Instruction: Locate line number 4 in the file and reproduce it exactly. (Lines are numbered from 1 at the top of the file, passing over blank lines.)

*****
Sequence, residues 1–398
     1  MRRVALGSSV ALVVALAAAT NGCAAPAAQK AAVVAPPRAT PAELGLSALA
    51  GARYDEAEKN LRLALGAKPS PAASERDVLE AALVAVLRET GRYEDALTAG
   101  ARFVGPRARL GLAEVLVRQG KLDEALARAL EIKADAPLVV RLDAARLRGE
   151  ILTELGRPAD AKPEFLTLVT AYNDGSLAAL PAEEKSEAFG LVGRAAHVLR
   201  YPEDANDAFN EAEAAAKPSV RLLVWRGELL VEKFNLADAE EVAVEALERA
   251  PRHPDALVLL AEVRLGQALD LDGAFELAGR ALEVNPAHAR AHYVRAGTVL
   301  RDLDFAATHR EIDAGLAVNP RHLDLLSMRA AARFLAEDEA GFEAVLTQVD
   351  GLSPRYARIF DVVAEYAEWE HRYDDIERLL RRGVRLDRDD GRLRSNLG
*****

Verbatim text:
   101  ARFVGPRARL GLAEVLVRQG KLDEALARAL EIKADAPLVV RLDAARLRGE